Wednesday, August 10, 2011

The Cost of Cost Studies

Back in 2009, Matt and I got a bit annoyed that BERL's estimate of the social cost of alcohol was being used for policy purposes by the Law Commission; the "social costs" it tallied included a lot of money spent by drinkers on their own alcohol, for example; Sir Geoffrey Palmer's then contrasting of the alcohol excise tax take with BERL's social cost figure was then worse than nonsense. We tore the number up and put up a working paper with some of the findings.

Last year, we were contacted by NABIC - the industry group representing Australia's brewers, distillers, vintners and alcohol retailers - asking if we might cast a similar eye over Australian estimates produced by Collins and Lapsley. We were somewhat familiar with Collins and Lapsley's method as that was the model used by BERL. And so we agreed; funding was provided via a consulting grant administered by the University of Canterbury and subject to pretty strict academic freedom provisos. For example, I insisted that we retain ownership of the produced document: if we found things that weren't particularly welcome, the document then couldn't be buried. And NABIC's been great; the only pressure we ever came under was to get the damned thing finished while the September and February earthquakes rolled on through and I was locked out of my office for considerable periods of time; we've appreciated their understanding as I've worked through the earthquake complications.

We brought in Brad Taylor to assist with the literature review; Nick Sander and Rachel Webb provided excellent additional support. I presented an initial draft of the results at the NZAE meetings in Wellington in June, then a slightly updated version of the results as part of the Dodgy Awards at the Australian Conference of Economists' Policy day. Since then, I've cleaned the paper up, partially in response to very helpful comments from co-blogger Seamus. It is now released as a University of Canterbury Economics Department working paper. Next, we'll be splitting that rather weighty tome into a couple of pieces for submission.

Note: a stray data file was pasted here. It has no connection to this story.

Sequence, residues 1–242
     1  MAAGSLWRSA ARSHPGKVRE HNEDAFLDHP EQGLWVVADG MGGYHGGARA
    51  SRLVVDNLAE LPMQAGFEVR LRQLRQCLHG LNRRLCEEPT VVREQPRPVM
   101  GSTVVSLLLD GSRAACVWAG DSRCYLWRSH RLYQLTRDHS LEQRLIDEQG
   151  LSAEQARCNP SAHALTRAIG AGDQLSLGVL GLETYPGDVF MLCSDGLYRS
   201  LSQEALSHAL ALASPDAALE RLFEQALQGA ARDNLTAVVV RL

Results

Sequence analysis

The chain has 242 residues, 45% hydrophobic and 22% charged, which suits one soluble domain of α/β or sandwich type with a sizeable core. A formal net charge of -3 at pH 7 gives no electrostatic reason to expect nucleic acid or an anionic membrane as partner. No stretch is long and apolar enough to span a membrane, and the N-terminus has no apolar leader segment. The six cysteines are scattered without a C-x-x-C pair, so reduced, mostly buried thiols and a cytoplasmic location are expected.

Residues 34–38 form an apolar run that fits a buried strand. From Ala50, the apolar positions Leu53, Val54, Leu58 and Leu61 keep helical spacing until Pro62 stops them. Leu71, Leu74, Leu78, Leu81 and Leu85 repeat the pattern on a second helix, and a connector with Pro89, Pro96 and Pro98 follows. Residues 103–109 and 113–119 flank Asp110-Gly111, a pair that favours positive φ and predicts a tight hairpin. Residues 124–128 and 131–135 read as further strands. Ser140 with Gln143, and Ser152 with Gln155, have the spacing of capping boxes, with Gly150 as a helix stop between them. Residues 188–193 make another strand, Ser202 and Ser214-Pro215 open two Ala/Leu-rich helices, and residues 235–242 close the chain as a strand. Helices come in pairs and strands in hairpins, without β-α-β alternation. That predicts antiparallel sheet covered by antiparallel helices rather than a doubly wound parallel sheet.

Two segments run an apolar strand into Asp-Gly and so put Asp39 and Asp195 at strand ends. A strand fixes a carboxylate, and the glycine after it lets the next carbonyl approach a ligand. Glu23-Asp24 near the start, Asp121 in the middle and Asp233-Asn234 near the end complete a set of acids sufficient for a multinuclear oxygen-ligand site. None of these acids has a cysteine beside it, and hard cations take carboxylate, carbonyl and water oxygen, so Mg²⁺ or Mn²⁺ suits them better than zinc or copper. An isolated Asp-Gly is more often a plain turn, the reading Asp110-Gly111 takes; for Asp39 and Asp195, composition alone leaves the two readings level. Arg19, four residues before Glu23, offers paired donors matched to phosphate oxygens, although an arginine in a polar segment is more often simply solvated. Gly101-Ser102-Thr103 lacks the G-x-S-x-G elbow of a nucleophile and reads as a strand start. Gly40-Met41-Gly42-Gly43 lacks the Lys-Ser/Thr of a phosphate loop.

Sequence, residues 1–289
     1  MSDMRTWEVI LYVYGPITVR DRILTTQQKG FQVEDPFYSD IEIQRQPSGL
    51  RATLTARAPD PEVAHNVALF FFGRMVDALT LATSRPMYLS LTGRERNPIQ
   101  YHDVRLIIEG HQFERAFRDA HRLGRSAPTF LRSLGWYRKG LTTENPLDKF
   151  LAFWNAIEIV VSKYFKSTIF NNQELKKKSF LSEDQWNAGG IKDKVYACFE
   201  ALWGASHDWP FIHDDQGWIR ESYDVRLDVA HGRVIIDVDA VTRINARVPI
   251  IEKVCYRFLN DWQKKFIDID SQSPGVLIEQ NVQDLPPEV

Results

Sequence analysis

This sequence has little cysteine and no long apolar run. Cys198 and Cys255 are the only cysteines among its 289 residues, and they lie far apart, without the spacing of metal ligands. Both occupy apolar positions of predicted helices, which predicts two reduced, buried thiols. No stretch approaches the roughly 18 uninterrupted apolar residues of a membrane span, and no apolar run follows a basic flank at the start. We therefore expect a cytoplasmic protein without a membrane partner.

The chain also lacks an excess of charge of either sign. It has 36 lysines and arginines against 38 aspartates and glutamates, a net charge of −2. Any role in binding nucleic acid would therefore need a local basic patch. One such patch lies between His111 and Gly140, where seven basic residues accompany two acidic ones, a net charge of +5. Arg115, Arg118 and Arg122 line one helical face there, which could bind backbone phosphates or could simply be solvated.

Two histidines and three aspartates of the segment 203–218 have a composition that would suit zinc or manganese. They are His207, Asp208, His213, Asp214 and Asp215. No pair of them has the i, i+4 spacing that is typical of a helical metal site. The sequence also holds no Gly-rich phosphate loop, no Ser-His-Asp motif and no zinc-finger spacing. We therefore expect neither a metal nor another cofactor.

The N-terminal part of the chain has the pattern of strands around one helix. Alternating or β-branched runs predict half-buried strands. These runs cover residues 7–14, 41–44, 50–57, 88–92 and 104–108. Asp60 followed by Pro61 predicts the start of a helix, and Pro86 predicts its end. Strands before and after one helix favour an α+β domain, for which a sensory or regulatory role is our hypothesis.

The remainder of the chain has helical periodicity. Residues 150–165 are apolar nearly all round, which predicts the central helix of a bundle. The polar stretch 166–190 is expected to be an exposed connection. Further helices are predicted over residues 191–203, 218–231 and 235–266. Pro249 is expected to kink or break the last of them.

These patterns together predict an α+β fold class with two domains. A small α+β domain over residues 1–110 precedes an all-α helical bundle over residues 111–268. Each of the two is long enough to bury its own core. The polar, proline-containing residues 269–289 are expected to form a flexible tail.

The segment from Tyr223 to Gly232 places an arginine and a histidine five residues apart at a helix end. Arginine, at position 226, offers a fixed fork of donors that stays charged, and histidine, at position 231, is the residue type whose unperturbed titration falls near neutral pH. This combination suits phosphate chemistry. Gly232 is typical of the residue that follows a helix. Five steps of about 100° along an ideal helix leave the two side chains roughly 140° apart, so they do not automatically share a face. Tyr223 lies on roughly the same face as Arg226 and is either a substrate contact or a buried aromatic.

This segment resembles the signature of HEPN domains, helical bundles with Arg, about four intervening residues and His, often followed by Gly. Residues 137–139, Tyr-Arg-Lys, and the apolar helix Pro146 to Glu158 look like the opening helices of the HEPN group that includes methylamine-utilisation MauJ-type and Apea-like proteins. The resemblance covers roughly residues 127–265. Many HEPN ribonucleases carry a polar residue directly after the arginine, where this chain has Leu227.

The biggest problem with the "cost of illness" approach used by both BERL and Collins & Lapsley is the counting of private costs as social. The innovation introduced by Collins & Lapsley, and followed by BERL, was to present the resulting figure as representing "net" social costs. Private benefits of alcohol consumption were deemed by Collins and Lapsley not to exist because consumers could not meet very stringent requirements for rationality and information. Collins & Lapsley argue that if consumers are not fully informed, consistently rational, and required to bear the full costs of their consumption, the "resultant costs" are social - in other words, there can be no private benefits to offset private costs if there exists any potential failure of the conditions of the first welfare theorem. And this is plainly nonsense: these sorts of failures can cause some deadweight costs but they hardly destroy the potential for private benefits. Collins and Lapsley write:
“Being fully informed about the private costs of abuse requires the abuser to have access to, and have the ability to process and evaluate, epidemiological information on the effects of drug use. It also requires the drug user to be able to evaluate the probable future health and other costs resulting from the drug use. It is difficult to believe that drug users, by their nature, are fully-informed, or even well-informed, about the costs of their abuse.”